In past generations, K and non-K Intel processors have differed mostly in their overclocking potential: the former allows it, and the latter doesn’t. Depending on the model, Intel has also downclocked the non-K version by anywhere from a hundred megahertz to about a gigahertz.
Something is different about Alder Lake’s non-K versions. If you haven’t noticed, they’re not released yet — a delay that’s only happened one other time in the last five generations. And, according to user DDAA117, who accurately leaked the specifications of the K processors earlier this year, the non-K versions will intermittently have large deviations from their fully featured counterparts.
Between veteran leaker Momomo, mistaken retailer listings, and DDAA117, there seems to be a clear picture of the non-K processors out there. There’s even an actual photo of the i9-12900, i5-12600, i5-12500, and i5-12400 circulating around…
At the top of the heap, the 12900 sits quite comfortably as the Intel processor to beat for non-overclockers. It doesn’t lose much to its K counterpart; it has the same 8P + 8E core configuration, and it only loses 100 MHz on the performance cores’ boost clock and 1 GHz on the performance cores’ base clock.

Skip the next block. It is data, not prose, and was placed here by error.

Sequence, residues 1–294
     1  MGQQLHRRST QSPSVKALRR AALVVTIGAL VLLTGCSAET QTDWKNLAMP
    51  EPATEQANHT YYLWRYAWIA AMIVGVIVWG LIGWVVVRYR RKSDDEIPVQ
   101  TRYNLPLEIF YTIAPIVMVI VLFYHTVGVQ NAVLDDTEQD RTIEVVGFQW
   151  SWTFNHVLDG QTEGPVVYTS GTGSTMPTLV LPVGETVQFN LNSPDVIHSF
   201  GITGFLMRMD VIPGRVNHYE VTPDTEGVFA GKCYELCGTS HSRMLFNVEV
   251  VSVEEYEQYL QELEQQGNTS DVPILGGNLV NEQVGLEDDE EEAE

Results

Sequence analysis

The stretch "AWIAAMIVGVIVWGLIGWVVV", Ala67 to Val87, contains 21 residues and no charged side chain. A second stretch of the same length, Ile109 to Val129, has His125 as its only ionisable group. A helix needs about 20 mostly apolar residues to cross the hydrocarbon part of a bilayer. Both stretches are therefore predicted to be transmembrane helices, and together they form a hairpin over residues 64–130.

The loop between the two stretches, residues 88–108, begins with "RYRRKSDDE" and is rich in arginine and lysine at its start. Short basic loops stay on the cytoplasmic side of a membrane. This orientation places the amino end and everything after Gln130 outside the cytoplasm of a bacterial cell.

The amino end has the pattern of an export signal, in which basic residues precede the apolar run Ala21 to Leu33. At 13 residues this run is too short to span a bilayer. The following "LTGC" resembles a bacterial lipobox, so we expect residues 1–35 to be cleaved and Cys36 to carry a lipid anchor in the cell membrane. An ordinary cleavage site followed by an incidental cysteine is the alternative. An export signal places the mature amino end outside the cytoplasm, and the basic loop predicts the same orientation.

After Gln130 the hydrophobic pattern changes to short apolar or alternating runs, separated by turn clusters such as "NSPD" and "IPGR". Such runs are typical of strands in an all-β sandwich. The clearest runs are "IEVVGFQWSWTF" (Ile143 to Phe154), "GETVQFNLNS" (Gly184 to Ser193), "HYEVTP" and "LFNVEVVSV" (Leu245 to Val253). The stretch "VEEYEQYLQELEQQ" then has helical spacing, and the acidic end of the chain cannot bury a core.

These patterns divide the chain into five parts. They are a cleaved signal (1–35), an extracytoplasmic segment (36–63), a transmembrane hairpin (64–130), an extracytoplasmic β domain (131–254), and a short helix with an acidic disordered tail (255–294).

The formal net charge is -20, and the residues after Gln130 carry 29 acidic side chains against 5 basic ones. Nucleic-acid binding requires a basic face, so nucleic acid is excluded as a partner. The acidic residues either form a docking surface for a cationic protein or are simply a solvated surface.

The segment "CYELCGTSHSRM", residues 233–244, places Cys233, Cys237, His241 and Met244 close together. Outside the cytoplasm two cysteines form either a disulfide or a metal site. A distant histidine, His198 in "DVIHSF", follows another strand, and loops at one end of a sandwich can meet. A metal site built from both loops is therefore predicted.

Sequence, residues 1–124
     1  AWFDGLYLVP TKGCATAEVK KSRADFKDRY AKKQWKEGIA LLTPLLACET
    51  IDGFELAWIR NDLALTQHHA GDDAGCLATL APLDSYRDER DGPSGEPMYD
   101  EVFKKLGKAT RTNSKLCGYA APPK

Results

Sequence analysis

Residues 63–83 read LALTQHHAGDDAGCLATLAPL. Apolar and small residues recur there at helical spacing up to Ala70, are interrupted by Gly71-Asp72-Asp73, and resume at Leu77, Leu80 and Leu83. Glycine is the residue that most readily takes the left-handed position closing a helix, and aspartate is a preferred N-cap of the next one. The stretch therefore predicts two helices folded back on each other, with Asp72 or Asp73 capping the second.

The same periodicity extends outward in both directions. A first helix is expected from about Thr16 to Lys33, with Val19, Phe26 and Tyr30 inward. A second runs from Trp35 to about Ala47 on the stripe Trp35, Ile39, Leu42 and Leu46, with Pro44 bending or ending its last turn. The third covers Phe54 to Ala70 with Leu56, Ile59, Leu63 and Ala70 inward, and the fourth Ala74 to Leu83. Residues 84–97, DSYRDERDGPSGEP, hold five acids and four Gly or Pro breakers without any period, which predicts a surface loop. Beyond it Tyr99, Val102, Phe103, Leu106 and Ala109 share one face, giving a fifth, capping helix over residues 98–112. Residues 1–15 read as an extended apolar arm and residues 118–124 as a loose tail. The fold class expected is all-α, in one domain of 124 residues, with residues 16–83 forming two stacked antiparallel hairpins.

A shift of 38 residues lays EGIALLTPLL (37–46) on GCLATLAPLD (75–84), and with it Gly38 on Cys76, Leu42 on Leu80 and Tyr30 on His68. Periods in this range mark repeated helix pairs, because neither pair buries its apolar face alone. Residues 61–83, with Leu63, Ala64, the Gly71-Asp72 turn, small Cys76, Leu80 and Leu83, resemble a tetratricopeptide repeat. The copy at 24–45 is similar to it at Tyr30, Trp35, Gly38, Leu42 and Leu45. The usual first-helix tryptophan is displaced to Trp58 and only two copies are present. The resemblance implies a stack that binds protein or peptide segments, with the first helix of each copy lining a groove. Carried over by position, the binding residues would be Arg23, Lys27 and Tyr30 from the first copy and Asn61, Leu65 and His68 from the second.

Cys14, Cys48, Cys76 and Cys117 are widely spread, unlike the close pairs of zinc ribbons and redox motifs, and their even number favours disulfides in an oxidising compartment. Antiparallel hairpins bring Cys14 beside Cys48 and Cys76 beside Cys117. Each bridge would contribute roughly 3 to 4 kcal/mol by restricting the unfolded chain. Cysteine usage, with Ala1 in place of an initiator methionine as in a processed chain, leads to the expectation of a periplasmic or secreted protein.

It’s the same with the 12700, except that it loses 1.5 GHz on the base clock.
Meanwhile, the 12600 loses a lot. It uses the mid-rang Alder Lake silicon with no efficiency cores, while the 12600K uses the high-end silicon with 4 out of 8 efficiency cores enabled. Hence, the 12600 has 6 performance cores in total, while its counterpart has 6P + 4E cores. Its performance cores’ boost clock is also 100 MHz lower, and the base clock drops by 400 MHz.
There aren’t any K versions of the 12500 and 12400 to compare them to. As standalone processors, they’re quite good on paper. All three i5 non-K models have the same six performance cores and only differ minutely in clock speed. The 12500 sits at 4.6 / 3.0 GHz and the 12400 at 4.4 / 2.5 GHz.
The Core i5-12400 is making the rounds. An engineering sample of the F-version of the processor was benchmarked by a French reviewer, and it put up stiff competition against the AMD Ryzen 5600X. It’s also been listed by two retailers, one of which gave the price for the vanilla and the F-version; $224 and $194, respectively.
Although the other retailer didn’t list a price, it claimed to have both the 12400 and 12700 in stock. If that’s true and retailers are receiving shipments from Intel, then the chip giant could be preparing for an imminent release. Leakers (and logic) say they could launch in mid-January, following an announcement at CES 2022 during Intel’s presentation on January 4.